She smiled at him, feeling a little self-conscious.  “Thank you.”  Her hands were feeling hot in the long white gloves so she removed them and draped them over the balustrade.  Her heart leapt in her throat when he took her glass from her hand and set it on the ground.  He took her hands in his and drew her closer to him.

“I want to be with you, Roberta,” he told her quietly.  “From the moment I met you and we started talking I knew that I wanted to be with you.  Do you feel the same way about me?”

She nodded, her heart thudding.  “Yes, Alexis,” she murmured breathlessly.

He pulled her into his arms and kissed her.  Freeing her hands from his, she wound them around his neck, kissing him back.  In the back of her mind she thought how true the words that, One day you will meet someone who will make you realize why it never worked out with anyone else.



Sources: WikipediaPinterest

Falling in Love

Gloria was walking down the sidewalk after visiting her grandmother in the nursing home when she ran into David Mansfield.  He was heading into a café when he spotted her.  Smiling, he walked over to her.  “Hello, Gloria,” he said.

She smiled at him.  “Professor Mansfield.”

“Please call me David.  It makes me feel less old,” he said.  “How are you?”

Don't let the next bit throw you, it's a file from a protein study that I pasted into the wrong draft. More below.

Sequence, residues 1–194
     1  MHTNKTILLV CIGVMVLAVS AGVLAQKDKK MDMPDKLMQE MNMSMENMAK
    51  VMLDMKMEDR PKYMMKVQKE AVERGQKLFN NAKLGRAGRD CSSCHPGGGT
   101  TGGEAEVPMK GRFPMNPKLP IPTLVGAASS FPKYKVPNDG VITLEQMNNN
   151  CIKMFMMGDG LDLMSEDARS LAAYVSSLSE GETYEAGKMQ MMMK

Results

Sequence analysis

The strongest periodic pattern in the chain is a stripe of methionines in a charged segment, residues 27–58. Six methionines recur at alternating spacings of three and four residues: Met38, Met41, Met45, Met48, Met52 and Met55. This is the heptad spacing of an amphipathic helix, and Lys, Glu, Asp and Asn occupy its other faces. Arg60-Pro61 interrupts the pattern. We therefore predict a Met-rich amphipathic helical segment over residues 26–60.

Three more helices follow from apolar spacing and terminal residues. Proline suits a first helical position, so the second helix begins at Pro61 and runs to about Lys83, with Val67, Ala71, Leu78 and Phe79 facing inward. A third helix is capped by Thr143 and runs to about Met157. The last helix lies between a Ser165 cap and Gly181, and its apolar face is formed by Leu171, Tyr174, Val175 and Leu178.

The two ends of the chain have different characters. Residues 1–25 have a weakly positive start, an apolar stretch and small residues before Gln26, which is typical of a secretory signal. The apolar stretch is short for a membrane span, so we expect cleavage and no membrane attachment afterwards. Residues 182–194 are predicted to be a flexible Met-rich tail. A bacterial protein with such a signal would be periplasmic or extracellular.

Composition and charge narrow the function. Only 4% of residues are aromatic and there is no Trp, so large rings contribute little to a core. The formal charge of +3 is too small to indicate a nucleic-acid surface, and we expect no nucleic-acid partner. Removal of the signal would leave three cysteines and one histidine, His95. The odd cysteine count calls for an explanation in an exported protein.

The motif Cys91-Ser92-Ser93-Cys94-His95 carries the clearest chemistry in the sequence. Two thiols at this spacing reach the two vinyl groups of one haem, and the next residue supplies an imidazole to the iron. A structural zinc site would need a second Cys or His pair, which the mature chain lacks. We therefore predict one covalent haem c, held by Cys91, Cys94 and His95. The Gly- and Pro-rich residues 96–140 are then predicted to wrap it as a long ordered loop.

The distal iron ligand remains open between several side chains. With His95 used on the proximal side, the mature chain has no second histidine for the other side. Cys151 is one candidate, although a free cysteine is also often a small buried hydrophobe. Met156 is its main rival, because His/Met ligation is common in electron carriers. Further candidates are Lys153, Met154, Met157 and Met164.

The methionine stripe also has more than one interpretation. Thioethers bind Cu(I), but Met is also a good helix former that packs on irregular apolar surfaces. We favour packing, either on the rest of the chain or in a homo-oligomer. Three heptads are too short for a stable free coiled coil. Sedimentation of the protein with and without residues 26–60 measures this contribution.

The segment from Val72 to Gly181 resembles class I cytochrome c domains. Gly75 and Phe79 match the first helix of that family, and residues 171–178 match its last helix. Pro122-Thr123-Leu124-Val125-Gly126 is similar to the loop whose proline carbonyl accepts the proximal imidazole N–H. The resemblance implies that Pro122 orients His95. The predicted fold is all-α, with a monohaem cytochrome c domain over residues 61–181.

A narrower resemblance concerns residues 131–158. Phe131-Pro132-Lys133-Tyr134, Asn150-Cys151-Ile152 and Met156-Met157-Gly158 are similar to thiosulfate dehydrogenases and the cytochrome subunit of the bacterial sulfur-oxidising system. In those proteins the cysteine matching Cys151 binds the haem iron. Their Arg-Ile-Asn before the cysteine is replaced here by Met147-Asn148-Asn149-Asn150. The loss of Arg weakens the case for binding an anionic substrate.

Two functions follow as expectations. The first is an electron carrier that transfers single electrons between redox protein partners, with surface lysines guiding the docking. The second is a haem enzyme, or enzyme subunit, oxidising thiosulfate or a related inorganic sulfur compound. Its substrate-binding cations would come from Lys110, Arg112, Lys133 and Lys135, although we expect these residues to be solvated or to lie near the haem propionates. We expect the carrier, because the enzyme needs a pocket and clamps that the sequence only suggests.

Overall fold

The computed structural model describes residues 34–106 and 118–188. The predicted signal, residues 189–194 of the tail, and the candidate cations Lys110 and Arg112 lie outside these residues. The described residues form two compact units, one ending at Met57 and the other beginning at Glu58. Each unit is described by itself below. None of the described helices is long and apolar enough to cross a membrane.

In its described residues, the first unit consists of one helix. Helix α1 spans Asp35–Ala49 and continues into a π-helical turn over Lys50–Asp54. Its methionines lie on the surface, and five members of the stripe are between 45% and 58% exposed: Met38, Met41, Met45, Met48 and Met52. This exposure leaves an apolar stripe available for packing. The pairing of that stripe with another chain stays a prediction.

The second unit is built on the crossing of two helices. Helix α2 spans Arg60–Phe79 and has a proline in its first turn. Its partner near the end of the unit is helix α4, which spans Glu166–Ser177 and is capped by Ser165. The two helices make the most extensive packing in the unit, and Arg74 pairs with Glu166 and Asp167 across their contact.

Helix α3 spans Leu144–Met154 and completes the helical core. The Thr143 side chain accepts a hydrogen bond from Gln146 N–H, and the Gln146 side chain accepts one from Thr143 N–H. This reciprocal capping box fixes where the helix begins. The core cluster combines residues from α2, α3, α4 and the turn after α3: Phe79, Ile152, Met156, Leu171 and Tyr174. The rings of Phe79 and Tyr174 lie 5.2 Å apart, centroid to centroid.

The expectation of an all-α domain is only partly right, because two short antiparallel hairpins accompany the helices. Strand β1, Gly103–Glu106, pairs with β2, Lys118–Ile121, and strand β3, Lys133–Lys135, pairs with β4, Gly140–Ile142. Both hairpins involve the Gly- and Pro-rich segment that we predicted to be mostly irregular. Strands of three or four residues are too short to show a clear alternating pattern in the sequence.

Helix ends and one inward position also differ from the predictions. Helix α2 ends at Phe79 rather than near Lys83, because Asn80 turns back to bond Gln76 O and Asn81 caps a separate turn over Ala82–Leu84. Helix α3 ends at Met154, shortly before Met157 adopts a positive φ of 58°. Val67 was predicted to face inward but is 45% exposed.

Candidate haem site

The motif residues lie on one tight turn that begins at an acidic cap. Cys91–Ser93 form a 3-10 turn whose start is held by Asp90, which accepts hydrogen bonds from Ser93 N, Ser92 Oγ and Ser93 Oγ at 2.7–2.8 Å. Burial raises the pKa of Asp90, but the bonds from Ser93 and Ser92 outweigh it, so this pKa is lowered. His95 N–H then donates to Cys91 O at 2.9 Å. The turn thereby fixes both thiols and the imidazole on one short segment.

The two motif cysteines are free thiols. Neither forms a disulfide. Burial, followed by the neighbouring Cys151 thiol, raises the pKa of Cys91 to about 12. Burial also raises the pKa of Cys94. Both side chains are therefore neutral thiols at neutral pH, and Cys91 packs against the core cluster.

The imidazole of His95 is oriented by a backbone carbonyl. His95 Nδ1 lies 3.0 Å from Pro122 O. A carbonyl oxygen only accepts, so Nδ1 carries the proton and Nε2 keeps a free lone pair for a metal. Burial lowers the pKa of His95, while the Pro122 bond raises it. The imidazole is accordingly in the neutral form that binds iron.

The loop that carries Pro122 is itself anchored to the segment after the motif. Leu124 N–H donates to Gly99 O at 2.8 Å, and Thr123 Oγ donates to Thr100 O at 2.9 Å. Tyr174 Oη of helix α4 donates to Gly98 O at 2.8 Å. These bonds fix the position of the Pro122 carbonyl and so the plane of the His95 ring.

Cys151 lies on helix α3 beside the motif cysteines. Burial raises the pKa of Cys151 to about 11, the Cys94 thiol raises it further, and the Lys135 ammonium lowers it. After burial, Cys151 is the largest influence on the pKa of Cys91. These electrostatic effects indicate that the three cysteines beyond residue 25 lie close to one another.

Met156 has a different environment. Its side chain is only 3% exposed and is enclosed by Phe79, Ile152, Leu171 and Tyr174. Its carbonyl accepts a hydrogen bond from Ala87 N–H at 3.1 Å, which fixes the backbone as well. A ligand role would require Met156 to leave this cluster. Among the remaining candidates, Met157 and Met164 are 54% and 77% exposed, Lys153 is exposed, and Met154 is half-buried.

“I’m fine, David,” she said.   Dressed in a black shirt and tan colored slacks, he looked very attractive.  He was twenty years her senior and a widower with a teenage son.  He used to be her History professor.  “I just came from visiting my grandmother.”

“How is she?”

“It’s hard to see a woman who was once very active confined to a wheelchair.”

“I was just about to grab a cappuccino.  Would you like to join me?”

She nodded and followed him into the café.  They found a table at the back by the window.   “The good thing is her mind is still agile and she can remember things I have forgotten.”

“That’s good.  My mother had Alzheimer’s.  It was sad seeing her mind deteriorate.  It was tough on my father.  He died soon after.  They had been married for over sixty years.”

“Sixty years.  That’s wonderful.  My parents got divorced ten years ago.  My father remarried and lives in Seattle and my mother has started dating again.  I hope that when I get married, it will last.”